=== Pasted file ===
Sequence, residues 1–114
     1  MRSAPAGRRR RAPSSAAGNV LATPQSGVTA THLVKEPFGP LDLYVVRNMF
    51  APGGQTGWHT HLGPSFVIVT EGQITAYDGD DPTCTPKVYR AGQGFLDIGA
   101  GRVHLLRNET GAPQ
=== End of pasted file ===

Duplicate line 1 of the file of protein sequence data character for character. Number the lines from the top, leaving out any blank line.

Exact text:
Sequence, residues 1–114